“Even though I may be alone, I look at the pictures to reminisce on the memory or the people in it, and suddenly I don’t feel as lonely because I know there are others around me and in my life,” she says.
5. Foster Your Weak-Tie Connections
In life, we have both weak-tie and strong-tie connections. People like your parents, spouse, and friends are strong ties, while weak ties are people who aren’t strangers but aren’t friends, either: the front-desk clerk at your gym, the seafood guy at your grocery store, the barista at your favorite coffee shop. It turns out these weak ties can have an immense impact on your mental health. Some research even suggests they’re as important as our strong ties.
Business coach Stacy Caprio says she always makes a point of getting out of the house once a day.
“As you do, smile and say hi to everyone you see, including your building’s door manager, the janitor, any neighbor walking outside, the person taking your order at the restaurant, or anyone you happen to see,” she says. “These small social connections and conversations will go a long way toward making you feel connected and less lonely without being a huge time draw or anything you have to plan in advance.”
6. Put on a Podcast
“I listen to podcasts during work,” says Sharon Rosenblatt, director of communications at Accessibility Partners. “While not ‘real people,’ it provides a nice background that is humanizing.”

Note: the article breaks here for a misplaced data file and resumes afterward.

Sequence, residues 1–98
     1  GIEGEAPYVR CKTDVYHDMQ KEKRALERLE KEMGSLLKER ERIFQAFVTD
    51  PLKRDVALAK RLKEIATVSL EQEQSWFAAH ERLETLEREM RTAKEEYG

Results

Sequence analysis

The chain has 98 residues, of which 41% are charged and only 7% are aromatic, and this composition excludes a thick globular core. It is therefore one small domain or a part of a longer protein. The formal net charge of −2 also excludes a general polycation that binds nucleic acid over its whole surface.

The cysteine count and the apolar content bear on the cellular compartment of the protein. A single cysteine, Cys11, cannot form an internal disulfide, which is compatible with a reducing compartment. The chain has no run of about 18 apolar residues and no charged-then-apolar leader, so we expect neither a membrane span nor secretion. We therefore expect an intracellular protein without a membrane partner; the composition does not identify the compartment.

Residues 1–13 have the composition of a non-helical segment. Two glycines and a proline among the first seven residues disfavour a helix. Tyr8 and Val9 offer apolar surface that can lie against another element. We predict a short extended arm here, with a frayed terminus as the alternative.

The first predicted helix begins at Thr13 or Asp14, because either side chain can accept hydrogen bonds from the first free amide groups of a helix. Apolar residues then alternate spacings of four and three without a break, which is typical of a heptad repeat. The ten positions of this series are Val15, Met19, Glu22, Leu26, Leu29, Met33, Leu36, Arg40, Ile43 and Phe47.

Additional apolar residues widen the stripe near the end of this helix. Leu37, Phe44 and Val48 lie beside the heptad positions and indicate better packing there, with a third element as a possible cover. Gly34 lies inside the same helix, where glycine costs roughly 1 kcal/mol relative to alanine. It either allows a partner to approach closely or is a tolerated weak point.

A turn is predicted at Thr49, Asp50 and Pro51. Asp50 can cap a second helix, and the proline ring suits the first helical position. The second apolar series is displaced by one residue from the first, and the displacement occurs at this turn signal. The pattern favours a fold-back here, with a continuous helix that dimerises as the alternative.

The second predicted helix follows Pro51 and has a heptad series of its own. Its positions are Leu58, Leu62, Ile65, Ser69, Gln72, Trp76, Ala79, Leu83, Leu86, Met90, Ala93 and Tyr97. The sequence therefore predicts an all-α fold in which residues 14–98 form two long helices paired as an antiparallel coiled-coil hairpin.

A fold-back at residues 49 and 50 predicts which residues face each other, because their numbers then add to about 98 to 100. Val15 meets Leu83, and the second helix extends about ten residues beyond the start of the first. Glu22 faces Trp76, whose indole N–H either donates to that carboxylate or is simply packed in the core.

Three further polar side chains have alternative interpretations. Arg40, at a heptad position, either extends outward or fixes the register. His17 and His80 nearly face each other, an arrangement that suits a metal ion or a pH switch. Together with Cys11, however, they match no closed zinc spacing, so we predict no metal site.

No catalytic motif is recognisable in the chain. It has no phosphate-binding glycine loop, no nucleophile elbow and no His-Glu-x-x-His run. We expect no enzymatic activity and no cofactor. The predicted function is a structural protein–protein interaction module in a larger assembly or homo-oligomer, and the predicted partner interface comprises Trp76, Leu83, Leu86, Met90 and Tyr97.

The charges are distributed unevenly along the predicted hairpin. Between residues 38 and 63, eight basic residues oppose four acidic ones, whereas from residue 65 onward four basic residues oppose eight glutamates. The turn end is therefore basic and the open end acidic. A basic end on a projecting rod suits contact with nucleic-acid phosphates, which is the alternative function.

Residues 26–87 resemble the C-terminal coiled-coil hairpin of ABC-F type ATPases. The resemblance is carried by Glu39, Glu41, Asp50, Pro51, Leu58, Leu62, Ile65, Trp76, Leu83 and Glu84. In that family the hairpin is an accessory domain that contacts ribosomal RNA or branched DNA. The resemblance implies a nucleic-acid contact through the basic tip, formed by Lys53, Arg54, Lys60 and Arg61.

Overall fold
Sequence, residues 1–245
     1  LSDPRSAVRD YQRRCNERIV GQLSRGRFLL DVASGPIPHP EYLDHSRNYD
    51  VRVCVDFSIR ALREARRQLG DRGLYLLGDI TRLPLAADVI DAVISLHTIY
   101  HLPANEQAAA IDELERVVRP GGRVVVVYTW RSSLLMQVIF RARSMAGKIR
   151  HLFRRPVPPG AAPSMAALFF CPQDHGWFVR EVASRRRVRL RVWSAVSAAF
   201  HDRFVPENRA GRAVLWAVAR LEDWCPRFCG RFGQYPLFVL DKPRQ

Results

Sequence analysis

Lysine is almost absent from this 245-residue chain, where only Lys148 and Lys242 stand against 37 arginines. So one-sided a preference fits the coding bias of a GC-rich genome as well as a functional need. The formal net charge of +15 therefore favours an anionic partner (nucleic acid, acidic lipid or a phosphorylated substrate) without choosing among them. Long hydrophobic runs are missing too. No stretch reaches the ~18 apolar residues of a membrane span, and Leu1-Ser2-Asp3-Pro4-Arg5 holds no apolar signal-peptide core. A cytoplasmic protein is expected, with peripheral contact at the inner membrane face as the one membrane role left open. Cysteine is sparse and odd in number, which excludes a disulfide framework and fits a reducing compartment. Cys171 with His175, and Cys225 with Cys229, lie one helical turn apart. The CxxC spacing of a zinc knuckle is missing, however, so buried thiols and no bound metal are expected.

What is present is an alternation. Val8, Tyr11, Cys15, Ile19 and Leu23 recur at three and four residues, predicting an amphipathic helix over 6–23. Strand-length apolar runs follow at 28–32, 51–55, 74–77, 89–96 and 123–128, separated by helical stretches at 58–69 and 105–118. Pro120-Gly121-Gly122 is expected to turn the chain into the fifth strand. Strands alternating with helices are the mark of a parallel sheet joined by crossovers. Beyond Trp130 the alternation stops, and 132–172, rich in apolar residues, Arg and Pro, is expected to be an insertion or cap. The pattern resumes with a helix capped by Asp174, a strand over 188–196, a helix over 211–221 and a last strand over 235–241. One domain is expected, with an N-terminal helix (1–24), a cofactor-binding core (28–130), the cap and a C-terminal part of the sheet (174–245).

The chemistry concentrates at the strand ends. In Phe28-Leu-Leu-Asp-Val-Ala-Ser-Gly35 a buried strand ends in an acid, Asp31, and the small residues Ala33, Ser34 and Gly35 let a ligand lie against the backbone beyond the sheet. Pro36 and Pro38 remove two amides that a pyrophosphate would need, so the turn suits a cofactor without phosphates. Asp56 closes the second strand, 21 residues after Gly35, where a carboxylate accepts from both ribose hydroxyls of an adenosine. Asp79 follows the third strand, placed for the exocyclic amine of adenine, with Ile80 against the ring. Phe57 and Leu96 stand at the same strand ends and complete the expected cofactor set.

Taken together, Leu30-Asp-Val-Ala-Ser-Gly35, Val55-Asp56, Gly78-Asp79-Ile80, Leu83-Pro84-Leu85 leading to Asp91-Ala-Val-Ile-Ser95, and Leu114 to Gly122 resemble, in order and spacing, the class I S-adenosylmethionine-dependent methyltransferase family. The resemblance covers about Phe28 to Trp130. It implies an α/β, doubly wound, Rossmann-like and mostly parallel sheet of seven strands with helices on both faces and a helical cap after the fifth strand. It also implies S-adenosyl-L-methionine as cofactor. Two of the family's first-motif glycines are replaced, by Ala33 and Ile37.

7. Join a Coworking Space
Thousands of people in big cities across the country pay a fee each month to rent desks and offices in shared workspaces. These spaces can provide a sense of community for the work-from-home crowd, but there is one caveat: They can be pricey, with membership running up to $500 per month depending on the space and the city you live in.
No list of ways to avoid loneliness when working from home would be complete without mention of exercise. We all know exercise has countless benefits, one of which is improved mental well-being and focus. If you’re not doing so already, head to the gym or join an intramural sports league to get some much-needed mental energy.
9. Adopt a Furry Friend
I spoke with countless people who work from home for this article, and more than one touted the benefits of having a pet nearby. Their advice is shrewd: Research has shown having pets can combat loneliness.
“I have four rescue dogs, and they help me address loneliness in so many ways,” says psychologist and neuroscientist Sabina Brennan. “They have to be walked every day, so that forces me out of the house, and dogs are a great icebreaker. People will often stop to say hello to you and your dog.”
Brennan also says simply smiling at her pets improves her mood: “Smiling is critical for our health. It boosts our immune function, it lowers blood pressure, and it releases hormones that make us feel good. It’s a natural stress buster. Many of us see smiling as a reaction to something funny or in response to someone else’s smile, so if we work from home, we can forget to smile, which can compound feelings of loneliness. My dogs always give me something to smile about.”
A version of this article originally appeared on SUCCESS.com.
Jamie Friedlander is a freelance writer based in Chicago and the former features editor of SUCCESS magazine. Her work has been published in The Cut, VICE, Inc., The Chicago Tribune, and Business Insider, among other publications. When she’s not writing, she can usually be found drinking matcha tea into excess, traveling somewhere new with her husband, or surfing Etsy late into the night.